Staying put, making a home in a restless world

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Staying put, making a home in a restless world

By | Jan. 2013
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Staying Put; Making A Home In A Restless World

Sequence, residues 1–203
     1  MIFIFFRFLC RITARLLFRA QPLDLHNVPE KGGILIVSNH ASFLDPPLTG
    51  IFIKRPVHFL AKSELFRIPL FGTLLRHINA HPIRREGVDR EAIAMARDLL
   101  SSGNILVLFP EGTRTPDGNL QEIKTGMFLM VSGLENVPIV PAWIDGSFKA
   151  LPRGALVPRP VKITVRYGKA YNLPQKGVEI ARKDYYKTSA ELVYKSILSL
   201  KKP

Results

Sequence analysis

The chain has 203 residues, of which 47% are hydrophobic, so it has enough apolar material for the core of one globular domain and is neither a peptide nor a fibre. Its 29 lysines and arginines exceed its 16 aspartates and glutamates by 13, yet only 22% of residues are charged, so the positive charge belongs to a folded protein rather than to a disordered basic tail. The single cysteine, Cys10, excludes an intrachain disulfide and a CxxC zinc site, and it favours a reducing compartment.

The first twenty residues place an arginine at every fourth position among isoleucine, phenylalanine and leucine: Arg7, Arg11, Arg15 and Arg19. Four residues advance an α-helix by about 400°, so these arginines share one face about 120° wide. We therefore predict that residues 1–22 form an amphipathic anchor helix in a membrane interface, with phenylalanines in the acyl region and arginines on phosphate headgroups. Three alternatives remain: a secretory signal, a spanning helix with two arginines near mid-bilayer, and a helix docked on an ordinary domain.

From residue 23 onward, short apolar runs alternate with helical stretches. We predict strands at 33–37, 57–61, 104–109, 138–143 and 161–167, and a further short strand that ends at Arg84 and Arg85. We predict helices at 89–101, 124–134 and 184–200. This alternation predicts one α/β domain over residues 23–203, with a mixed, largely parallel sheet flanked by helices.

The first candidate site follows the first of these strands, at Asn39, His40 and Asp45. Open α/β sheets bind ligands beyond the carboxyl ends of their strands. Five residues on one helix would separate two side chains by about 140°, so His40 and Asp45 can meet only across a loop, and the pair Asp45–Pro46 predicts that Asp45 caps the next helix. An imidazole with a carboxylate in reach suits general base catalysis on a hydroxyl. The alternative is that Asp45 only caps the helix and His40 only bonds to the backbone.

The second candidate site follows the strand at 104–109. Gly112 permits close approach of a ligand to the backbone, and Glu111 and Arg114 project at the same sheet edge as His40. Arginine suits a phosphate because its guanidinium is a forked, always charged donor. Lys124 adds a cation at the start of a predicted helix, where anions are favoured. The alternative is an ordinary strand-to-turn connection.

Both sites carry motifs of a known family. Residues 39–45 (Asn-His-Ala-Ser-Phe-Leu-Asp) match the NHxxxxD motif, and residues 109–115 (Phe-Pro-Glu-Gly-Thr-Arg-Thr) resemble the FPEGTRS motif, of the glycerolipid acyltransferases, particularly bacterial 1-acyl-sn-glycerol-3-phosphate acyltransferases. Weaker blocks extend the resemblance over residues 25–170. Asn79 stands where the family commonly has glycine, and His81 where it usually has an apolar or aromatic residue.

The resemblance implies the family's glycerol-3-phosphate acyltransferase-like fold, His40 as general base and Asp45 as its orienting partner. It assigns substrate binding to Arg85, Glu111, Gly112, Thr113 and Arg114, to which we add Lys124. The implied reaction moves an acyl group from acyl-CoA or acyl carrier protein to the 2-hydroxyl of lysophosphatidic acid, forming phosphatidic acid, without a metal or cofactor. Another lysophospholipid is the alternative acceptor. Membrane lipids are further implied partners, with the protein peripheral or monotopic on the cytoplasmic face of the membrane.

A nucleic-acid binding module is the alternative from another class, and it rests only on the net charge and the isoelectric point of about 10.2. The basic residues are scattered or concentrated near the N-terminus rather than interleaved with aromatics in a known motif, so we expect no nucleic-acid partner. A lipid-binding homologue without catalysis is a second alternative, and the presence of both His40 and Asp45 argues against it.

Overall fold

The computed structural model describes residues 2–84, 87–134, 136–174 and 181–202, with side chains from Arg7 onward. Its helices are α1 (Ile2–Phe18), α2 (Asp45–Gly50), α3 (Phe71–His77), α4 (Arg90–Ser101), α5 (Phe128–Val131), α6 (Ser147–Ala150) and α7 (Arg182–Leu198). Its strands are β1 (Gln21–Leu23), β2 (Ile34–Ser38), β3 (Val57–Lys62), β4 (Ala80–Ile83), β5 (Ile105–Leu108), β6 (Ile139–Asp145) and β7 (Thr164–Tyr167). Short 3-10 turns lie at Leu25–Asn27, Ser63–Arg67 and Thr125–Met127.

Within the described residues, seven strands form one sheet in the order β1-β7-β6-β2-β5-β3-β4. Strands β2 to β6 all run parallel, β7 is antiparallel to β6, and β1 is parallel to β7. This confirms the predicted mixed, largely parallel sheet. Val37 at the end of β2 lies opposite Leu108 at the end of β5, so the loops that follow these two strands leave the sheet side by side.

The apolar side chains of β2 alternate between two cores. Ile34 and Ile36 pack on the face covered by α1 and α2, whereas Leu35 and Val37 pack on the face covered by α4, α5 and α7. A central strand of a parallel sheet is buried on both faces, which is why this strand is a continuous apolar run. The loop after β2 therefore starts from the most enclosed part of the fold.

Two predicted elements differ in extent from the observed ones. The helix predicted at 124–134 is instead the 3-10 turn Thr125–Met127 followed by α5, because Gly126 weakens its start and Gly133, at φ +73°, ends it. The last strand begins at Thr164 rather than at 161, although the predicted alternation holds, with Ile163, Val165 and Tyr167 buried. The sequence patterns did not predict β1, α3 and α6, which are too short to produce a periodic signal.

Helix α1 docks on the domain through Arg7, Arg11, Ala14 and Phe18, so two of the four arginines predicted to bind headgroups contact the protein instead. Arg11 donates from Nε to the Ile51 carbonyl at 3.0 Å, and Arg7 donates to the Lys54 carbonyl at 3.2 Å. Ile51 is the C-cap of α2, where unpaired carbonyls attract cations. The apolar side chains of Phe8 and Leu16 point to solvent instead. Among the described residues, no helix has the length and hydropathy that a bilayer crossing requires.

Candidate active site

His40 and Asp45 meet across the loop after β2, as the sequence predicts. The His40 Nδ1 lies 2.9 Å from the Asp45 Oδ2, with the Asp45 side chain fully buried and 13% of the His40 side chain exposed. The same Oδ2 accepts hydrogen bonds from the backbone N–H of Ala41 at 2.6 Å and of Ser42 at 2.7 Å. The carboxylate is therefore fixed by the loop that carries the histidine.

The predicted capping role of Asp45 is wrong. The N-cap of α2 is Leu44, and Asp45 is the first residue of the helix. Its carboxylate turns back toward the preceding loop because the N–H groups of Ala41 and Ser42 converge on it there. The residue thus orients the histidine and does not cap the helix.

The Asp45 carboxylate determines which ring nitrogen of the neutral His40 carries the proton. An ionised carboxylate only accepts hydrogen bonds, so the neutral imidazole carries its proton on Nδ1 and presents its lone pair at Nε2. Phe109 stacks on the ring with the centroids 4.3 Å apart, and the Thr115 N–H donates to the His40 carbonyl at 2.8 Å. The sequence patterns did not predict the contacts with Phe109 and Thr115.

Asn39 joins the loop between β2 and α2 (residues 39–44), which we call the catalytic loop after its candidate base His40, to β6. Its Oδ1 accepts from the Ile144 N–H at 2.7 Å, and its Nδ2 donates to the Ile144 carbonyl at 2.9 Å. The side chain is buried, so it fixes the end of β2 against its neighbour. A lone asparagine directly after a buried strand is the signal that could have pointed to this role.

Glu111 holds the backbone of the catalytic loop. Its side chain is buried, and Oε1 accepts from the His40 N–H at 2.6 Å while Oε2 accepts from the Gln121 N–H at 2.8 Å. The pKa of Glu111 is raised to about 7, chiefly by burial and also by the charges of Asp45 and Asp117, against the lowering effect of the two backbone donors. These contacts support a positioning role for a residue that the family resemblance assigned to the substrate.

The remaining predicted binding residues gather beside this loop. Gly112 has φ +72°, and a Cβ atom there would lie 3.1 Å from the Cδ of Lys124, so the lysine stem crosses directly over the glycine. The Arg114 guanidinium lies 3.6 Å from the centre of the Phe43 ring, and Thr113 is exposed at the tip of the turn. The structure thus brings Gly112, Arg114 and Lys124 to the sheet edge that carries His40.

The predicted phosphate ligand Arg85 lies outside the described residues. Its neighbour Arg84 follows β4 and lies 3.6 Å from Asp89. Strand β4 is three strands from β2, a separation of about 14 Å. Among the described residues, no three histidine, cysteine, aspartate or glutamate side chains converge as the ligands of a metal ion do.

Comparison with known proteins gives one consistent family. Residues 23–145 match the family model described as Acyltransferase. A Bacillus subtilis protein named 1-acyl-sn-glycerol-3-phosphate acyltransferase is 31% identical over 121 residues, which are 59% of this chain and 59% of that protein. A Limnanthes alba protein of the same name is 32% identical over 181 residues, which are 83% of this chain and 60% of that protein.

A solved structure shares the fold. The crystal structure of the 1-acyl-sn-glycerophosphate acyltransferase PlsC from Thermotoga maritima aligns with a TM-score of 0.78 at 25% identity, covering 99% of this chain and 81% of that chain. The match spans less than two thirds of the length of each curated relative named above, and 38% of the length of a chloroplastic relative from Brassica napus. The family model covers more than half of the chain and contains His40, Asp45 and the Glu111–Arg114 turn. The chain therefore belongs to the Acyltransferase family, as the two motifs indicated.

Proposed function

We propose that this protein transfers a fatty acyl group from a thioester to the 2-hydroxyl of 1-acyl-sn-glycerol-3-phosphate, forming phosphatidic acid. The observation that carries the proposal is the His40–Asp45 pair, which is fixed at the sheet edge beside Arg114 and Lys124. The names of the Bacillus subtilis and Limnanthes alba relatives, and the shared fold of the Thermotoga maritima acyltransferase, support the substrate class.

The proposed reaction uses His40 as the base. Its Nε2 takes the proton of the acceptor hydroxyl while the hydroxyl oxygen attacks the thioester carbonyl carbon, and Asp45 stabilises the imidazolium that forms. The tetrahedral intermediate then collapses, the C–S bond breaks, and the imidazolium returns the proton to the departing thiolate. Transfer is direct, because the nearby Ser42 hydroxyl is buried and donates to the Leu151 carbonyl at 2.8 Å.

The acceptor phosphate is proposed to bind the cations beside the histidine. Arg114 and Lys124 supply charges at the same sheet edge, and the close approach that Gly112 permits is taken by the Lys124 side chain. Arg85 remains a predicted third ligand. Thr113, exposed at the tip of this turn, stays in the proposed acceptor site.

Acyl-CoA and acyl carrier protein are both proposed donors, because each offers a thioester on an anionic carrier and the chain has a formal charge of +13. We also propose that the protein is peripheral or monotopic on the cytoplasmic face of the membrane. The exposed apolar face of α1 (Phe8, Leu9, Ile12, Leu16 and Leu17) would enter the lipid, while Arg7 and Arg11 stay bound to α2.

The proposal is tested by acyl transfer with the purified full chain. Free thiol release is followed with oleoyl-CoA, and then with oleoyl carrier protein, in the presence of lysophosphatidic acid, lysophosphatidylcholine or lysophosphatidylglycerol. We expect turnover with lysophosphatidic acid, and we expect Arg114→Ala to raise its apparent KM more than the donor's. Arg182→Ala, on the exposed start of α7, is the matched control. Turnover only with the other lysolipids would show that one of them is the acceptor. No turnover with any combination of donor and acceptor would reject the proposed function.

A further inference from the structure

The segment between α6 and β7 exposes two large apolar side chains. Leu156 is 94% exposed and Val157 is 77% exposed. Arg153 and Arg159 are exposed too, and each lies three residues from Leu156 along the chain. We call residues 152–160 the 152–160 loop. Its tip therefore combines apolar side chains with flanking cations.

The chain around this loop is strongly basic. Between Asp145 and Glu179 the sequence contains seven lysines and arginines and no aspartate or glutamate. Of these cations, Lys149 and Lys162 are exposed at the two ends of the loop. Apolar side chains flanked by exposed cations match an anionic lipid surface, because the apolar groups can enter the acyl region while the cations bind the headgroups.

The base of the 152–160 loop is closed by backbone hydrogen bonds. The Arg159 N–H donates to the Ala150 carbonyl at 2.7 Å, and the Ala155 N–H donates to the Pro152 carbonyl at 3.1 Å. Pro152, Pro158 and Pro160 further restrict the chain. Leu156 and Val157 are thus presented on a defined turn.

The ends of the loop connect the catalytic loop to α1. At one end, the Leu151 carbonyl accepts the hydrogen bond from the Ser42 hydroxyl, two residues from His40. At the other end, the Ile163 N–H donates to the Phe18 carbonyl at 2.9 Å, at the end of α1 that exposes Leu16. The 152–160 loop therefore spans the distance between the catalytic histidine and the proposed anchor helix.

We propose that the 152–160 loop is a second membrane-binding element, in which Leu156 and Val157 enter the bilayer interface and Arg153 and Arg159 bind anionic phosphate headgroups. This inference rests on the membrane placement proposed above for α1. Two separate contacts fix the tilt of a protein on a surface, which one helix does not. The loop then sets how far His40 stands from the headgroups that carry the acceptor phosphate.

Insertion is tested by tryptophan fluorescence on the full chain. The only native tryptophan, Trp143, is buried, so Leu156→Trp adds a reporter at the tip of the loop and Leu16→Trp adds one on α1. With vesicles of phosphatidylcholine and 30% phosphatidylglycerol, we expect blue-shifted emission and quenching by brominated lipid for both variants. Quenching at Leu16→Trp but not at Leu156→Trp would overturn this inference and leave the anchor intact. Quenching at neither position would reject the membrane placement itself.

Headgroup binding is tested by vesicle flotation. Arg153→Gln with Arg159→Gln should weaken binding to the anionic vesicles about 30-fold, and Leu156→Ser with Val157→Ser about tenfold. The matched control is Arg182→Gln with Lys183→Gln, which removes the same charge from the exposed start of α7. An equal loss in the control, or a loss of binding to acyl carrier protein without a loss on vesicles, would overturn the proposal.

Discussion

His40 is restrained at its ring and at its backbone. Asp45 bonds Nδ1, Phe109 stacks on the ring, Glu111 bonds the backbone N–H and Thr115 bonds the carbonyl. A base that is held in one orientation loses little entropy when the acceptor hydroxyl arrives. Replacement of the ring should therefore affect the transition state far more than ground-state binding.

Novelist Scott Russell Sanders in his informative essay response to “Staying Put; Making A Home In A Restless World” debates whether migrating to a new place or staying in one place is the best decision. Sander argues the pros and cons of each decision “… the belief that the movement is inherently good, staying put is bad; that uprooting brings tolerance, while rootedness breeds intolerance; that imaginary homelands are preferable to geographical ones; that to be modern, enlightened, fully of our time is to be displaced.” Rusdie is, in a way, saying that, in order to relevant, you have to be “up-to-date” with what’s going on in the world; if you stay in one place, that place will be the only thing you know. Also, he’s saying that migrating helps you to gain tolerance towards new things. If you move around, you’ll have to “adapt”, which will make you more tolerant to such things. On the other hand, staying in one place will make you intolerant to new things. If you’re not used to change, you won’t be able to when it’s necessary. But, Rusdie isn’t completely biased in his argument. He also lists some of the cons of migrating. He says “But migrants often pack up their visions and values with the rest of their baggage and carry them along.” When he says “baggage”, he doesn’t mean it in a literal way. By baggage, he means religion, economics, politics, slavery, diseases, foreign animals, etc. He makes migrating look glamorously horrifying in the same paragraph. In his eyes, migrating can be the best or the worst thing; or both. Rusdie doesn’t really make it clear what side he’s on, or which side he thinks is better. He leaves that up to the reader to decide.